Beginning with the Cal 40 back in the 1960s, it seems every decade has produced at least one racer/cruiser, in the 40-foot size range, destined for the Sailboat Hall of Fame. The J/120 is my future Hall of Fame pick of the decade of the 1990s.
I have long been a fan of the common sense proportions, simplicity of design, and solid construction evident in all J/Boats, and the J/120 certainly is no disappointment. Introduced with the 1995 model year, the J/120 was designed by the J/Boat team led by Rodney Johnstone. The overall length is 40 feet, or just a hair over 12 meters, which accounts for the model name. More than 200 boats were built over a 10-year production run.
Although nearly all J/120s in the United States were built by Tillotson-Pearson, other manufacturers were licensed to build the J/120 overseas.
To my eye, this is a very handsome boat from all angles. The subtle spring in the sheer is enough to prevent the boat from appearing “hogged” when heeled. The bow and stern are very nicely balanced, and the transom width is kept to a reasonable percentage of the overall beam to avoid an “elephant butt” appearance prevalent on many modern boats.
The J/120 is built using the patented Seemann Composite Resin Infusion Molding Process (SCRIMP), and if you haven’t heard the term before this is not likely to be the last time you hear it. In this process, the entire lay-up of glass fiber and core materials is placed in a dry mold. Then, a high vacuum eliminates air voids, and resin is drawn into and through the laminates until the ideal saturation is reached. The resin-to-glass ratio can be precisely controlled, and the result is a significantly stronger and lighter composite that the hand-laid open-molded method of construction. The J/120 is nearly 5000 pounds lighter than the previous J/40.
There was a serious problem with failures at rudder bearings on some J/120s that could flood and sink boats, but the problem was corrected, a recall issued, and I suspect, most if not all potential problem boats have since been retrofit.
The cockpit and deck arrangement of the J/120 is well thought out with both the racer and short-handed cruiser in mind. There is a small swim step with boarding ladder molded into the transom and not one, but two very handy lazarette lockers forward of the transom. The cockpit is T-shaped with a 46-inch diameter wheel allowing the helmsman to sit to either side and still easily reach the wheel. The double-ended mainsheet and traveler are immediately forward of the steering pedestal allowing the helmsman to trim the mainsail from either side. All sail controls are led to the cockpit and arranged so that, even though this is clearly a performance-oriented 40-footer, she is still quite easily managed by a crew of two. Side decks are wide, and there is a small but sufficient foredeck anchor locker. My only fault is that the one-inch-high toe rail is totally inadequate on a boat of this size and intended use.
If you’re looking for tufted seat cushions and sculpted furniture you won’t find it on the J/120. Done in the Herreshoff style of mostly white trimmed with varnished teak and mahogany, this is a very handsome classic looking interior. The arrangement is simple and some may think boring, but it is arguably the most practical and versatile. The V-berth cabin forward is followed by a head and shower to starboard and hanging locker to port. The main saloon features mirror image settees with optional fold-up pilot berths. There is a centerline drop-leaf table. The galley is aft to port and convenient to the companionway, with the navigation station opposite. The starboard quarter berth cabin is a bit small for two adults, but the port aft storage locker is huge. Again I have only one complaint; although there are several opening deck hatches and ports, there are no dorades or ventilators.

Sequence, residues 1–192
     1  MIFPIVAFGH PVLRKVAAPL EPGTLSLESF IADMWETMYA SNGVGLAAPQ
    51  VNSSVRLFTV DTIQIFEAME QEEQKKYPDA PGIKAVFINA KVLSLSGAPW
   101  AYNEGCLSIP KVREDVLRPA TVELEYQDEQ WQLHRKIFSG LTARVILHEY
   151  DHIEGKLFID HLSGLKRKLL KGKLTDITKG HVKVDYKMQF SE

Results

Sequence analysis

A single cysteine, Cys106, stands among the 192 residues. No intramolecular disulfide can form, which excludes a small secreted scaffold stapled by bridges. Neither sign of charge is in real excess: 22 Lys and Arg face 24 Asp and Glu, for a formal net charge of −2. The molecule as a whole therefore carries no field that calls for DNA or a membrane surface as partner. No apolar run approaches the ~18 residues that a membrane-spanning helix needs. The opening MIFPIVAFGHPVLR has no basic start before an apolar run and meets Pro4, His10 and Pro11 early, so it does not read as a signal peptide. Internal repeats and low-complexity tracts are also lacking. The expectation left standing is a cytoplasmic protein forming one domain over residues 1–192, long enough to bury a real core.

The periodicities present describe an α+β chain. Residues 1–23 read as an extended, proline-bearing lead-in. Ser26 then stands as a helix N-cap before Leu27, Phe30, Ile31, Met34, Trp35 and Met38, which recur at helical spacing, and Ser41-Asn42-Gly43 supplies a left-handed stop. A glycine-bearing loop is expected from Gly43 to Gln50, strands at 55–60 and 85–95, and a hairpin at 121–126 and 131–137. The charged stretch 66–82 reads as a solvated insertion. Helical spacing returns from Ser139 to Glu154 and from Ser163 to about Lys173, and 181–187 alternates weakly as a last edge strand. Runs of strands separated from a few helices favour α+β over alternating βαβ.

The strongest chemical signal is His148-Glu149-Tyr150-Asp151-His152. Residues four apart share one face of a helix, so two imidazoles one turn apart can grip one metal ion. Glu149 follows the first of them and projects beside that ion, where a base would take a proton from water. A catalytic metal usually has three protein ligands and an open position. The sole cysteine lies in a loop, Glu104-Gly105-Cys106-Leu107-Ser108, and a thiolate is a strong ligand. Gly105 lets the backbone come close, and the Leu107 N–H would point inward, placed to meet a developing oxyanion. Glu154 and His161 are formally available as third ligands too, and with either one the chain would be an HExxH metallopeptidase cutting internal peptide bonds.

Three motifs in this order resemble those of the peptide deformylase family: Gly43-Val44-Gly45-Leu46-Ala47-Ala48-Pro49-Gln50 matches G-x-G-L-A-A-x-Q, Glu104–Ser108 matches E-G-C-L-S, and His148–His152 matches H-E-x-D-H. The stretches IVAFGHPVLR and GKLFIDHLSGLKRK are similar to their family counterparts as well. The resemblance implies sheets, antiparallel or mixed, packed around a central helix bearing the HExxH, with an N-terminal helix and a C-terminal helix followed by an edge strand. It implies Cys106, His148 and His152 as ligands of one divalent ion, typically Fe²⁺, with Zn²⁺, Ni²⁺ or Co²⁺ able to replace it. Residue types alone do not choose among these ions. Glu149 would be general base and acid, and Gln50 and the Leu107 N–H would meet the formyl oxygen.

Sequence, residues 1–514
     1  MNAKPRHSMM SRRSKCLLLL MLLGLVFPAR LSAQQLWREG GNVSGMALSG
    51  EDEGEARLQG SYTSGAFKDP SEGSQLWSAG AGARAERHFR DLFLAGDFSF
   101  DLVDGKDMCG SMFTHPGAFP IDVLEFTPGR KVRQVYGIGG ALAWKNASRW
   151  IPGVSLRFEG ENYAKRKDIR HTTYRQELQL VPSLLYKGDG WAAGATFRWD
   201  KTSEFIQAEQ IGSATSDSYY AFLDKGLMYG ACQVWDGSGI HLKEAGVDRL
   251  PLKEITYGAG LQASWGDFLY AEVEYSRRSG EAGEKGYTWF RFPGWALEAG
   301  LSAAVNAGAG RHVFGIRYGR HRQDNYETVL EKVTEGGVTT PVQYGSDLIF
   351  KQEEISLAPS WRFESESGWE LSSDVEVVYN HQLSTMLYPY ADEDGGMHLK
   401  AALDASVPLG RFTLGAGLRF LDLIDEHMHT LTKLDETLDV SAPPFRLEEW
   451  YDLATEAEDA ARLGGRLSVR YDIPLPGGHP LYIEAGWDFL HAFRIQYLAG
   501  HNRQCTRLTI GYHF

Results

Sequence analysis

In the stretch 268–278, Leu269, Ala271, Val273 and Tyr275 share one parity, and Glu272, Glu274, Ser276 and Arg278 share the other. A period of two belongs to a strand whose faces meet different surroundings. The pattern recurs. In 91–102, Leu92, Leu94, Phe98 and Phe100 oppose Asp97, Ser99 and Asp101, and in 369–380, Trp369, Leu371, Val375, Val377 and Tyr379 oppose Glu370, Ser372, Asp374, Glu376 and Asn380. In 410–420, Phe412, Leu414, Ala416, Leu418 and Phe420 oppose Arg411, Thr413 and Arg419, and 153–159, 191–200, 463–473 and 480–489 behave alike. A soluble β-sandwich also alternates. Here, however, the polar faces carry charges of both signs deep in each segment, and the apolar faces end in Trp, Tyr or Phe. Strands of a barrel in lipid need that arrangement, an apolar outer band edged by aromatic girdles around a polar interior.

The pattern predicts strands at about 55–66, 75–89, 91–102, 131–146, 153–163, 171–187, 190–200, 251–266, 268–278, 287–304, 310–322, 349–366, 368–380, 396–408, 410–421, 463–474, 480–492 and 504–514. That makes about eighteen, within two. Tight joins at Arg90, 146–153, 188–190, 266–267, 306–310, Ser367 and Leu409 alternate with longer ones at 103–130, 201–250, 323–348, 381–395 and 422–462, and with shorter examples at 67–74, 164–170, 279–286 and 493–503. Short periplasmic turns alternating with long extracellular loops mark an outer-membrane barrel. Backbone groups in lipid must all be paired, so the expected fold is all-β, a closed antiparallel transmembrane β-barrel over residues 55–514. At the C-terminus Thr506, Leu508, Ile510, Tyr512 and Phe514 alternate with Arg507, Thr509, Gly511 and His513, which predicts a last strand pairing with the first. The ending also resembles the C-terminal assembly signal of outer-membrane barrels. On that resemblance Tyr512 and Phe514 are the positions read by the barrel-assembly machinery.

Standard auxiliary power was a 38-horsepower Yanmar marine diesel engine with a Westerbeke engine option. Boats built in Europe were typically powered by Volvo diesels. All are sufficient to make an honest seven plus knots cruising speed under power, and all are easily accessed for service and maintenance.
The J/120 was offered with two different rigs (aluminum and carbon fiber) as well as deep draft and shoal draft keels, so the performance varies slightly between models. That said, the only question may be: do you want to go fast or faster.
Although boats with carbon fiber rigs typically sell for $8000 to $10,000 more than those with aluminum rigs, there are good reasons why cruising sailors may want to spend the extra money. Assuming a typical location for vertical center of gravity, the 120-pound weight savings of the carbon fiber rig is somewhat equivalent to adding a couple of 200-pounders on the rail. This can be a real advantage when sailing short-handed.
Fully crewed and with the right weather conditions, the J/120 can easily reach speeds in the mid-teens. For a cruising couple, she sails quite nicely with the mainsail alone, is easily controlled close-reaching in a strong breeze, and can make 10 knots with a mainsail and small jib.
Once Cruising World magazine’s Boat of the Year as well as Best Value in a large cruising boat, the J/120 still offers good value. Yachtworld.com currently lists 14 boats for sale, with seven located in the U.S. ranging in price from $195,000 to $239,000, while recent sales have averaged $195,000. This is a boat that sacrifices very little speed when compared to stripped-out racing machines, yet offers accommodations suitable for cruising comfort—the quintessential racer/cruiser.
Reviewed in the April 2008 issue of SpinSheet by Jack Hornor